The third critical uncertainty is land use, which has increased dramatically in comparison to previous years, when it classified as an action priority. The change is perhaps a reflection of a stronger national debate on land conservation as an environmental issue and the possibility of new national parks in Iceland. It can also reflect sometimes unbalanced discussions on sustainable utilisation on renewable energy, where the debate focuses more on land protection, than benefits related mitigating climate change, or economic and social issues, related to concerning projects.
The first action priority is innovative transports, which are described as new modes and fuel sources including electric vehicles, hybrid and natural gas vehicles. In recent years, there has been rapid development globally in this sector, especially in electric vehicles as they have been growing in the consumer market as a result of lower prices, longer driving ranges and quality. This development will require more challenges of supply of electricity to the consumer and new infrastructure to provide supply of electricity to those vehicles, and other issues.
Renewable energies is the second action priority. Renewable energies have moved slightly from the uncertainty area into the action priority. Renewable sources are in general seen as one of the big contributors towards less CO2 in Iceland and globally, aiding climate change mitigation. This is perhaps reflecting the national debate in Iceland regarding hydro and geothermal projects, where the attention is often focused on land protection issues but less on benefits related mitigating climate change and national economic and social issues.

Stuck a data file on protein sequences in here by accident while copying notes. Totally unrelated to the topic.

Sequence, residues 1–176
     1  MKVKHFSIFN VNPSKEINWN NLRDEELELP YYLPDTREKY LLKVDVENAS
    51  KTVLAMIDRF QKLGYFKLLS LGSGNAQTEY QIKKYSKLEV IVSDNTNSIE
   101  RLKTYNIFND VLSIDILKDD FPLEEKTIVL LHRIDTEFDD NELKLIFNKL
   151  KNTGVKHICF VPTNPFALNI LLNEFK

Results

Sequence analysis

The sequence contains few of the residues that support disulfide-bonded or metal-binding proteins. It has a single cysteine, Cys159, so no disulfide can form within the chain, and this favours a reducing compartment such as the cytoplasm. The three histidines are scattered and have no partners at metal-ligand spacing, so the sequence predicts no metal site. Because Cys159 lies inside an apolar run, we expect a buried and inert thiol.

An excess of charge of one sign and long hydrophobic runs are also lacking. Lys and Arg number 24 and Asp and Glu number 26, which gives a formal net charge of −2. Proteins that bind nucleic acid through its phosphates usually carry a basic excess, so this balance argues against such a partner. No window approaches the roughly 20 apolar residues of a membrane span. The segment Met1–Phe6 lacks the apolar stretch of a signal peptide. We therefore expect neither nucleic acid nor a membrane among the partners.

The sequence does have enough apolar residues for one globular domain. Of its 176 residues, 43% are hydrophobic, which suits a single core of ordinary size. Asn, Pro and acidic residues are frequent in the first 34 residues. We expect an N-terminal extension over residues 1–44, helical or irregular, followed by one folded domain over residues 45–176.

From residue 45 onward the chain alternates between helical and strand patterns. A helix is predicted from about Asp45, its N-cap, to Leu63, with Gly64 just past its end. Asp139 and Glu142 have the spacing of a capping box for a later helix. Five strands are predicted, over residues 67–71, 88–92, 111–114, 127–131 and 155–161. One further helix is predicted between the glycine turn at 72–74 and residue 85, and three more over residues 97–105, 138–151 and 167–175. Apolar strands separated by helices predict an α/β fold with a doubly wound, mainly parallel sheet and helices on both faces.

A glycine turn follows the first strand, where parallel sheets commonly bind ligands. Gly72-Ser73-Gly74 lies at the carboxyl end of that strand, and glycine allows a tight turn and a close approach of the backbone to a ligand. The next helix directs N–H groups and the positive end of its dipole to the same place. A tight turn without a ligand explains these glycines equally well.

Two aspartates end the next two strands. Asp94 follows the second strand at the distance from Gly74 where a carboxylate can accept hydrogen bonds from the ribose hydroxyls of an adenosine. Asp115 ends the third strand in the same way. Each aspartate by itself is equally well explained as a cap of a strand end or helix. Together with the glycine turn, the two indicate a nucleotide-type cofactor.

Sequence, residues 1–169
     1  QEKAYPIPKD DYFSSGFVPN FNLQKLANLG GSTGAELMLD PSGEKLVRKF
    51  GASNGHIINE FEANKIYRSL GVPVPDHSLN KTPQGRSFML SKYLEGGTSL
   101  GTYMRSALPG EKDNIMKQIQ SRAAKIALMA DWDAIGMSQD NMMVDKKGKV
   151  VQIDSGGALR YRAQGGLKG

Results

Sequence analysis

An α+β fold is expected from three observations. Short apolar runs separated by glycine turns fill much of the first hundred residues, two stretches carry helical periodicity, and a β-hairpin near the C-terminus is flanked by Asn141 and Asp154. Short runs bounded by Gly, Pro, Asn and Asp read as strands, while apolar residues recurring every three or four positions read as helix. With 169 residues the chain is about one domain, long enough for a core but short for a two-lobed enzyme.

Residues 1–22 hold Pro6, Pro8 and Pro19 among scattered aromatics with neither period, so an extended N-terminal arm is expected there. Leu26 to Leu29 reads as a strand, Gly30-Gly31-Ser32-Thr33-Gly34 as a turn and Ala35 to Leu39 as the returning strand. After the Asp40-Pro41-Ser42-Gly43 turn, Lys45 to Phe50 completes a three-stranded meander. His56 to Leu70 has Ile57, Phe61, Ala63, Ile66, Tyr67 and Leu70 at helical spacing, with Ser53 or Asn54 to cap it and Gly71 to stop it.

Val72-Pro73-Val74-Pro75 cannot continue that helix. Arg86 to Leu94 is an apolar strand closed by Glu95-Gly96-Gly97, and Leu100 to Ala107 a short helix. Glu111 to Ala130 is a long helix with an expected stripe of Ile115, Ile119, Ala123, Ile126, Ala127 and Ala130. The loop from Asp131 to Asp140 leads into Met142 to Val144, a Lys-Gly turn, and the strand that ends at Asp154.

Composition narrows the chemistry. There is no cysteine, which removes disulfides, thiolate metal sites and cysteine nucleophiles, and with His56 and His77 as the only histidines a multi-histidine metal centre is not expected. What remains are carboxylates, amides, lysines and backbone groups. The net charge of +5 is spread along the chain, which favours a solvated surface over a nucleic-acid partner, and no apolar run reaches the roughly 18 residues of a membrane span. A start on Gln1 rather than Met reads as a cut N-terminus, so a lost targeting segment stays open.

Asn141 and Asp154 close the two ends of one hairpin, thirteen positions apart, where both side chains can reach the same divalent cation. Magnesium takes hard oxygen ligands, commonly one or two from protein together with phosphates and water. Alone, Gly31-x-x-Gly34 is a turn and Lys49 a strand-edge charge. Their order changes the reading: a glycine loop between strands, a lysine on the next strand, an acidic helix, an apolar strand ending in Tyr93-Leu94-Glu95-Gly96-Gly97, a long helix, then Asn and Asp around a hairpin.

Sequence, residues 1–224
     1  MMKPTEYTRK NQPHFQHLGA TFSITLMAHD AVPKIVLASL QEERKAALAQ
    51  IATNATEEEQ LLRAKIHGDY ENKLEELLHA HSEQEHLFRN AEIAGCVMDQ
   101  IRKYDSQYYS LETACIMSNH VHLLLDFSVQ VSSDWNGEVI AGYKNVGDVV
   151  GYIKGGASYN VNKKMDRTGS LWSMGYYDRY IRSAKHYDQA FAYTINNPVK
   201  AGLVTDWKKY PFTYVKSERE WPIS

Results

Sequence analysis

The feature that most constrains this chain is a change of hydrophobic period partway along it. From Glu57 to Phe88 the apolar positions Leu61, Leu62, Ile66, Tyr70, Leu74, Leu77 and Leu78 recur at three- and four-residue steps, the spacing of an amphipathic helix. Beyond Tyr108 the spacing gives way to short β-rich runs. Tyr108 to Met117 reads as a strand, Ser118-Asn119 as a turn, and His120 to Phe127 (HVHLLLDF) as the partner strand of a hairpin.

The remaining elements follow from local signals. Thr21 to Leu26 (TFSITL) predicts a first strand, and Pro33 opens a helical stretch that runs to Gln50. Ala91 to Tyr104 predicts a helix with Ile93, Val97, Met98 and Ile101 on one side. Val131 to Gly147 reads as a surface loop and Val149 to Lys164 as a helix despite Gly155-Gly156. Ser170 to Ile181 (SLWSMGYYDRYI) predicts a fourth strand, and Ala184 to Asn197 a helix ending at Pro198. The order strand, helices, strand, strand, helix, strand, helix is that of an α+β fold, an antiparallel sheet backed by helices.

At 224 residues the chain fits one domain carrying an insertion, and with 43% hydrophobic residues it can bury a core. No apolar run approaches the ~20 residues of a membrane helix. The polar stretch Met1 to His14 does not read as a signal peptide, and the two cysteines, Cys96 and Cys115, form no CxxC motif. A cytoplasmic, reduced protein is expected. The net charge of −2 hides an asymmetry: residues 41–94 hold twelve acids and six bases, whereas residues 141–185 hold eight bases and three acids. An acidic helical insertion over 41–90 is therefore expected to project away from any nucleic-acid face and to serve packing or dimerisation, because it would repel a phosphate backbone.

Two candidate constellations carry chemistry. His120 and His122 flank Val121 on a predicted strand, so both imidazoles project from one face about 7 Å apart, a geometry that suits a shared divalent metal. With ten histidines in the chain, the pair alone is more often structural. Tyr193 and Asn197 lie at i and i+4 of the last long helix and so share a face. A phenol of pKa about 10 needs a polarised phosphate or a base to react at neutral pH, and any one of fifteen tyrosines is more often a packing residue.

The third action priority for Iceland is the climate framework. After the Paris COP21 agreement, most energy leaders acknowledge that climate issues, renewables and decentralised systems will get a major boost and will play an important role towards mitigating climate change. Renewable energy is one of the big contributors towards less CO2 in Iceland and globally, mitigating climate change, which is one of the biggest global challenges today. Climate framework has been one of the action priorities in Iceland for several years, by focusing on renewable energy development.
Economic growth has moved towards more critical uncertainty, largely due to the slower growth in the airline and tourism industry, currency fluctuation of the Icelandic krona and more uncertainty regarding wage negotiations on the labour market. Concerns regarding trade barriers have also risen which could be due to issues such as Brexit, as the UK is one of Iceland’s largest trading partners. Concerns for digitalisation have also risen from last year, which perhaps reflects that Iceland is lagging behind in utilising this technology and at the same time more demand from new technology like electric vehicles.
The key area of critical uncertainty for energy leaders in Iceland are exchange rates, followed by IoT/ Blockchain, land use, digitalisation and trade barriers. In the area of action priorities, of Icelandic energy leaders this year have place innovative transport, renewable energies, climate framework, economic growth and electricity storage. Both in the area of uncertainty and impact, the exchange rate and financial market in Iceland is ranked riskier than in Europe and in the Globe, while it finds most similarities with African countries.